Tracks and Wild have such similar plots, and were released so close to each other, that it makes me wonder if the United States and Australian film industries had some kind of a wager. “Who can make a better film about a young woman who attains literary success after a confrontation with the wilderness?” A closer examination, however, reveals that while they may have a similar outlook on gender and personal identity, they have a profoundly different approach to storytelling.
I first decided to check out Wild after the online tabloid Gawker (the NY Post for the millennial generation) published a hit job on Reese Witherspoon.
I have no idea why Leah Finnegan at Gawker has a grudge against Reese Witherspoon, but her review of Wild is so gratuitously vicious that it only served to pique my curiosity. Could if really be that bad? It’s not. Leah Finnegan is so in love with the “edgy” sound of her own voice, she tells you little, if anything about Reese Witherspoon’s performance or Jean-Marc Vallée’s film. Her review isn’t film criticism. It’s masturbation.
I haven’t read the memoir by Cheryl Strayed that Wild is based on, so I can’t tell you how faithful the movie is to the book. But the film works on its own terms. Wild establishes its feminist tone right from the beginning. The recently divorced Cheryl Strayed is checking into a motel. It’s 17 dollars a night for a single guest, more for two people. The clerk can’t quite believe that Strayed is travelling alone. Does she have a boyfriend coming later? She doesn’t.
What Strayed does have is an enormous backpack. A substance abuser, sex-addict, and alcoholic with a mother who’s recently died from cancer, Strayed has decided to get her act together by hiking the entire length of the Pacific Crest Trail. The backpack, which is almost as tall as the 5’2” Witherspoon and which Strayed has stuffed to capacity, clearly represents the burdens of civilization. She can barely get it over her shoulders. When she does, she can barely stand.
Reese Witherspoon’s struggle with her enormous backpack is probably the strongest image in Wild. Rarely do we see a film about going into the wilderness that so vividly expresses the idea that leaving civilization is a dirty, physically painful, exhausting experience. You don’t just pick up one day and leave your comfortable suburban home and become Leatherstocking from Last of the Mohicans. You break toenails because your shoes are too small. You get sunburned. You don’t have access to a bath or a shower. You miss little things like the taste of Snapple, or of being able to walk into a store and browse the makeup counter without the clerk telling you that you stink.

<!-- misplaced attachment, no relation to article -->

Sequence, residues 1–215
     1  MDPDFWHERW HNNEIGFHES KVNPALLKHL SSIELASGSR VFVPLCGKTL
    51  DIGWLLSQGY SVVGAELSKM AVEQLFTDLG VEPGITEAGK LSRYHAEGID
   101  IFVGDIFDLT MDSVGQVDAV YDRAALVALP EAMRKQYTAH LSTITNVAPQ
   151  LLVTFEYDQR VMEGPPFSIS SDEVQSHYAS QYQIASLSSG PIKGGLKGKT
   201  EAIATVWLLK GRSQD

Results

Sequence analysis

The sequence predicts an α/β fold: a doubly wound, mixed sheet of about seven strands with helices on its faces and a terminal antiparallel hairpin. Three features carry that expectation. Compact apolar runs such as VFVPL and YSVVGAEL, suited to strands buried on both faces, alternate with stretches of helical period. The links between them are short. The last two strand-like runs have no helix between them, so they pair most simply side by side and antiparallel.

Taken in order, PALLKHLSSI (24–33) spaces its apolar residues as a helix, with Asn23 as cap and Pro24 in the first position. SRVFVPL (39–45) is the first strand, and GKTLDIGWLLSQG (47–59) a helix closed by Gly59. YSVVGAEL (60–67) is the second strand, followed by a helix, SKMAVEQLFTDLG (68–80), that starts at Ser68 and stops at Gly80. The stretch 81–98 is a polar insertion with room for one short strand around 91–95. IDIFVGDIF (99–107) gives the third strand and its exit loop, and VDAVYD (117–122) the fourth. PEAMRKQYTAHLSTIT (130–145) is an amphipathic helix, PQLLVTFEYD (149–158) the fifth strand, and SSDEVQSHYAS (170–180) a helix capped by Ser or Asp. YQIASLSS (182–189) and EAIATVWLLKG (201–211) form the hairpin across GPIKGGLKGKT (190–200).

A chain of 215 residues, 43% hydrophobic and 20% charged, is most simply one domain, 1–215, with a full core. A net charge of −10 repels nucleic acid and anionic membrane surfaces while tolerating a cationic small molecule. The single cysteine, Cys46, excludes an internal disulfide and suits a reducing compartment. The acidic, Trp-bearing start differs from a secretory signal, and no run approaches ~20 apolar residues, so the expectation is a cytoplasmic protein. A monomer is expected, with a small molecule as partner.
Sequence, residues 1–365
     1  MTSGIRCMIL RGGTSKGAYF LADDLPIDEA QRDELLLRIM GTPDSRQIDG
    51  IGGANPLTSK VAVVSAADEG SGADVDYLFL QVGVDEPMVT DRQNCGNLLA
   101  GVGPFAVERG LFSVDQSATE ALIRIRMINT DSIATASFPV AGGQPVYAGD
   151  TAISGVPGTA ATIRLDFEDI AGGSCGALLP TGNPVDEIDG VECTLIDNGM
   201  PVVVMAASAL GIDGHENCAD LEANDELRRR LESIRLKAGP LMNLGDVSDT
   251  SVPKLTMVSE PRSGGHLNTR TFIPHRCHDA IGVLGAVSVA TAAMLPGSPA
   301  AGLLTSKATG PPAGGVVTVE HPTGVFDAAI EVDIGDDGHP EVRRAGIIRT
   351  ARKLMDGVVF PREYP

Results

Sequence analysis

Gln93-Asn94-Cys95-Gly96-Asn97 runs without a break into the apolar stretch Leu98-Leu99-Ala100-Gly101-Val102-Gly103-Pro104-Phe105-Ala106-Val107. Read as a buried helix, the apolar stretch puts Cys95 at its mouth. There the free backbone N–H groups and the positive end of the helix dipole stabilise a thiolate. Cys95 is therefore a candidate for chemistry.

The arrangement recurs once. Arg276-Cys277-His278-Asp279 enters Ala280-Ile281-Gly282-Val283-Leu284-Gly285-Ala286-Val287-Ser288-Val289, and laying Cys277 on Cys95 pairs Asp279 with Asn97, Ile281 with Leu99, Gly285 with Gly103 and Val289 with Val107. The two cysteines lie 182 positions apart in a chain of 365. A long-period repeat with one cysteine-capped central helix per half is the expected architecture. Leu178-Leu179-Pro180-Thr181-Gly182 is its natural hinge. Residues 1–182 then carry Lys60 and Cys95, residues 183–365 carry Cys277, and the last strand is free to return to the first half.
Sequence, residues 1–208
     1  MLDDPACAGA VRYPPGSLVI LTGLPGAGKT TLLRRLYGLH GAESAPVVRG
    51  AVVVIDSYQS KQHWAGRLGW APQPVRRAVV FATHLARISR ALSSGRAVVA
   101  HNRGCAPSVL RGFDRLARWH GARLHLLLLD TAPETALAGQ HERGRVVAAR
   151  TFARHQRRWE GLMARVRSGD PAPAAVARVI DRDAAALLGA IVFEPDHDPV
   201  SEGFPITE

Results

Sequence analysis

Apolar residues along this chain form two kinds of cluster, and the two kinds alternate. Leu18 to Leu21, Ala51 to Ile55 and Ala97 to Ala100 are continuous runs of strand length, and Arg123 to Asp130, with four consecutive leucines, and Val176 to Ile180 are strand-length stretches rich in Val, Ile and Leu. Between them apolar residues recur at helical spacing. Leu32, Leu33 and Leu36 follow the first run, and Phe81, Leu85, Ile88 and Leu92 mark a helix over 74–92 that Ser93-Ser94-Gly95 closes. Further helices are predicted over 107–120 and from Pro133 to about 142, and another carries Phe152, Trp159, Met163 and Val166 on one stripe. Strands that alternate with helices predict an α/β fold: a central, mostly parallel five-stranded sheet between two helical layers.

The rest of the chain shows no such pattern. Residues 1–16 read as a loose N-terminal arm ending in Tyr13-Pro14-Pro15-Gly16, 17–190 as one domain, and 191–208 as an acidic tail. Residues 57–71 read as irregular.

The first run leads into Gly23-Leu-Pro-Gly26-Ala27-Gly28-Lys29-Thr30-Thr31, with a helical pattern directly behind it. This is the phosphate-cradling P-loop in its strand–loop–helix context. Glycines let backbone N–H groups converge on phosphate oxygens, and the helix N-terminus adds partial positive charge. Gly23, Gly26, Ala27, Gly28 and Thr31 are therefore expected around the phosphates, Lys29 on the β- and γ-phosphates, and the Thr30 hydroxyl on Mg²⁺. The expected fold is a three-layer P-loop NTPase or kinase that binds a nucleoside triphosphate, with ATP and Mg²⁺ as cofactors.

Strayed’s discomfort with nature is also Wild’s biggest weakness.
Cheryl Strayed is no Edward Abbey. The wilderness was a path to her becoming a successful writer more than something she genuinely loves. Strayed strikes me as a typical suburban American too fond of suburban American comforts ever to be genuinely at home on the Pacific Coast Trail. Wild works as a narrative of personal discovery. A major theme in Wild is how the female gaze perceives men, and Reese Witherspoon is very skillful at expressing the state of mind of a woman alone on a potentially dangerous quest. An early encounter with a middle-aged man Strayed perceives as a rape threat reveals him to be nothing of the sort. A later encounter with a genuine would-be rapist becomes all the more chilling because we are aware of how being alone in the wilderness strips you of your normal defense mechanisms.
The problem is that Strayed is so concerned with her personal quest that nature gets swallowed up by her character. There are no striking images of the Pacific Crest Trail in Wild. The camera never stops to linger on a snow-capped mountain or a patch of wild flowers. Wild’s supporting characters aren’t particularly memorable. Would be rapists become nice guys. Nice guys become would be rapists. An ex husband shows up just to get a tattoo with his ex-wife. There are no fascinating eccentrics. Just about the only animal we notice is a rattlesnake, and we only notice him because he blocks he heroine’s path. Wild, in other words, is a film about a trek into nature that doesn’t have much to do with nature. When it ends, we get the sense that Cheryl Strayed enjoyed having hiked the Pacific Crest Trail more than she enjoyed hiking the Pacific Crest Trail.